Sarah Coleman Kelnhofer writes from College Place, where she and her husband strive to tame their half-acre of wilderness while their children try to reclaim it. Last year, she even grew pansies – in a secret location – hidden from the local wildlife.
Morning arrives early when you’ve got a date with self-discipline.
The small nature child perched on my right shoulder rolls her eyes and jabs me to make my standard rebuttal. “It’s more than a hobby, it’s a lifestyle. And it’s good for our health!”
“How do I connect a ‘b’ to an ‘e’?” Summer’s voice jars me back to the present, and I look up with vacant eyes.
“Can I just sit in the car while you walk?” Jared voices the very idea I’ve been hatching, and I frown.
I decompress by picking bits of lint and sticky pennies from the allergen host formerly known as my carpet.
This year I should get into the spirit. It’s our team — our moment! I try to muster some spunk, but instead, sense a yawn coming on.
Routine. It’s a word (and a reality) I typically dread. Although I know full well that certain rhythms keep life ticking smoothly along, most repetitive activities reduce me to agony.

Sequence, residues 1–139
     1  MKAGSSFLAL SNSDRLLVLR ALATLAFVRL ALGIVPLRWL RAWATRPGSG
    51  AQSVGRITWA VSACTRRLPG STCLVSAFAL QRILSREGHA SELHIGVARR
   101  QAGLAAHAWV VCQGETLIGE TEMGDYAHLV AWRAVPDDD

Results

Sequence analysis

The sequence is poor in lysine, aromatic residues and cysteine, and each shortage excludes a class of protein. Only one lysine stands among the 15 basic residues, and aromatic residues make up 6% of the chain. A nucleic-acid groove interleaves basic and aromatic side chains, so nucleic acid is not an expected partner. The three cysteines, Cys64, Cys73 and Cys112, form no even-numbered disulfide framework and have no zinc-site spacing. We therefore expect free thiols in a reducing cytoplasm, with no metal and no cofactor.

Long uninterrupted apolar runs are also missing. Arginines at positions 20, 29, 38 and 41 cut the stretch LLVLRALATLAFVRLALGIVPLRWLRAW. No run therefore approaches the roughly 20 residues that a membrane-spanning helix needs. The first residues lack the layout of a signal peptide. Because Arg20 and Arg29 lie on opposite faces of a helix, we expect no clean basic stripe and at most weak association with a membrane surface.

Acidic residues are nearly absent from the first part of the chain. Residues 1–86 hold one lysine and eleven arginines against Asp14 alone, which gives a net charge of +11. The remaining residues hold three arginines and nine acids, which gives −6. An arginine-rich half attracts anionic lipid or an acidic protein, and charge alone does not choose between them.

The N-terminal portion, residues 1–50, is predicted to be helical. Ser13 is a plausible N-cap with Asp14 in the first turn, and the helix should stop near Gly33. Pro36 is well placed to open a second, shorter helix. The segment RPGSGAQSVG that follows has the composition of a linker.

Low clouds slink across the sky as we bounce toward Lost Lake Campground in the Okanogan National Forest. We’re all a little nervous about the prospect of rain, but it’s not often we get to convene a gathering of cousins and we’re not about to back down. The late-summer scenery looks tired and thirsty — the bright green of spring replaced with a dust-covered drab that tells me how welcome the moisture would be.
I’m wedged on one haunch between the turkey itself, a box of Thanksgiving decor and sundries, and my squirming daughter in the back of my mother-in-law’s sedan as it travels toward the Bar M Ranch near Adams, Ore.
Juniper Canyon welcomes us, its gentle slopes hung with a loose network of trails. The smell of sage fills the air, and I breathe deep.